Houston retirement home policies scrutinized following CA death

March 4, 2013 3:55:52 PM PST
It may not have been illegal, but was it morally wrong? A nurse in California refused to perform CPR on an elderly resident of a retirement home. The woman died.

The home says it was a matter of company policy. The 911 calls that have been released have many shaking their heads. Now Eyewitness News has learned the California company has a retirement community right here in Houston.

It's a compelling 911 call that is raising questions about retirement home policies some say violate moral judgment.

"We can't wait," said the 911 dispatcher. "I need that phone next to the patient immediately. She's possibly not breathing, OK? So I need someone to run over there immediately, please."

Lorraine Bayless, 87, collapsed at the Glenwood Gardens. She was a resident of the independent living facility in California. The nurse on duty wouldn't help with CPR because it's against company policy.

The 911 dispatcher asked, "Is there anybody there that is willing to help this lady and not let her die?"

"Not at this time," the nurse responded.

Bayless was later pronounced dead at the hospital. Joy Nell Harper of the Texas Advocates for Nursing Home Residents says that policy is not unique in our litigious society.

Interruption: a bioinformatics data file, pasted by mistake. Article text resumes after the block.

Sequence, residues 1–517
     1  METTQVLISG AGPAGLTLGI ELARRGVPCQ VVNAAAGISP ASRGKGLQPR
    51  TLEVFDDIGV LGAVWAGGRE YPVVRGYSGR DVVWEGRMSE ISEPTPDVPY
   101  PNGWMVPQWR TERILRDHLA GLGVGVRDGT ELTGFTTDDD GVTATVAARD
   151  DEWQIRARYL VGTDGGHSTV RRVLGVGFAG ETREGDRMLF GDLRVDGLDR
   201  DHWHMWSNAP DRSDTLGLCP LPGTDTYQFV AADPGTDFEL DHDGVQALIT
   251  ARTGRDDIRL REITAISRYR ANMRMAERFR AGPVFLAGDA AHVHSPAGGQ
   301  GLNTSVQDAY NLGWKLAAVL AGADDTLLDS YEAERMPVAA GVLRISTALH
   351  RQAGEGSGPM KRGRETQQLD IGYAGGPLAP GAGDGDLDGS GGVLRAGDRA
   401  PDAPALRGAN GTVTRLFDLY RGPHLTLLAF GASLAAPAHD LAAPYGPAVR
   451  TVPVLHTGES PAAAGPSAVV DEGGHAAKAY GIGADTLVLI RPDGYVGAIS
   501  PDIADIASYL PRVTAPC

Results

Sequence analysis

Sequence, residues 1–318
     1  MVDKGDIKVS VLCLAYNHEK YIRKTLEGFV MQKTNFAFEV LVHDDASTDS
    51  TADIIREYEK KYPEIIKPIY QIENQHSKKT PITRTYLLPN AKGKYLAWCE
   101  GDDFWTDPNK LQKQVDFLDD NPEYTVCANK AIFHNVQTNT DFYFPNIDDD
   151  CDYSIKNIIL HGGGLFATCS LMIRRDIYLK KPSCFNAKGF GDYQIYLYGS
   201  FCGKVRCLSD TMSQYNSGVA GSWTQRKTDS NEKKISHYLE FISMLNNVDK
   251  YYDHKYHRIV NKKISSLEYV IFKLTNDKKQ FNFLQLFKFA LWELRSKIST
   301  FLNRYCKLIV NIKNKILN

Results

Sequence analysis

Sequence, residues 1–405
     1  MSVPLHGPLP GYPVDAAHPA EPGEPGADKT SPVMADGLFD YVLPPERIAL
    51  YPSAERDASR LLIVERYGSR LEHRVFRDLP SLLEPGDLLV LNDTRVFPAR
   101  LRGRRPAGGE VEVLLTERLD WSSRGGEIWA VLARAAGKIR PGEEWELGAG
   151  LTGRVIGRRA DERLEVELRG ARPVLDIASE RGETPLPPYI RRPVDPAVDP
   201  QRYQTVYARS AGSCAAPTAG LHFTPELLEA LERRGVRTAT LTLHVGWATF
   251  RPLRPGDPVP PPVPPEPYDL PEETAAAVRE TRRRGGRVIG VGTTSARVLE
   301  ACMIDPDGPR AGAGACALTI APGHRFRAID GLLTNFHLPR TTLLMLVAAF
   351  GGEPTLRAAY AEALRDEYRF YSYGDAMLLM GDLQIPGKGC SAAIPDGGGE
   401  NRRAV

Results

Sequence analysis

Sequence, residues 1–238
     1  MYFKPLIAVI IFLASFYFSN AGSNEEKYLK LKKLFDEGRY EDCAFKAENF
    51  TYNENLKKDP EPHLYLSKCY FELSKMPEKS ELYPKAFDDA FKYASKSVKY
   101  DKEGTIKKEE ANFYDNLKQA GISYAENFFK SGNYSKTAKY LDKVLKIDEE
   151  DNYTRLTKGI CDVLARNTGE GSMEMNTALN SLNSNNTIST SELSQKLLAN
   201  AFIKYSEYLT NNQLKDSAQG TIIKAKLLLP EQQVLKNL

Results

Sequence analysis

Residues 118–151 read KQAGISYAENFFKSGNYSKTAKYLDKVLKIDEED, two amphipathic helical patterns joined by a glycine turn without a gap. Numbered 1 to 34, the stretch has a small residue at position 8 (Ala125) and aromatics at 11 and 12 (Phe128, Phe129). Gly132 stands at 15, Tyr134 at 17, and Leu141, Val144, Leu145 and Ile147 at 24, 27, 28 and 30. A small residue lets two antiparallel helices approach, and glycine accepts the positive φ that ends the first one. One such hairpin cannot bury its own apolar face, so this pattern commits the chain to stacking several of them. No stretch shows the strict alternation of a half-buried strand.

"They don't want to be liable," Harper explained. "They could say you didn't do it right, you know different things. They just don't want to be sued."

Glenwood Gardens has another independent living facility in southwest Houston -- the Terrace. The company is defending their nurse and released this statement: "Our practice is to immediately call emergency medical personnel for assistance and to wait with the individual needing attention until such personnel arrives. That is the protocol we followed."

Harper believes this national debate needs to spark changes at the state level.

"They need to have rules and laws, that people who do not take care of those people, because they are paying to be taking care of, they need to prosecute them," she said. "There needs to be some accountability."

Bayless's daughter has been quoted as saying she is satisfied with the level of care her mother received.
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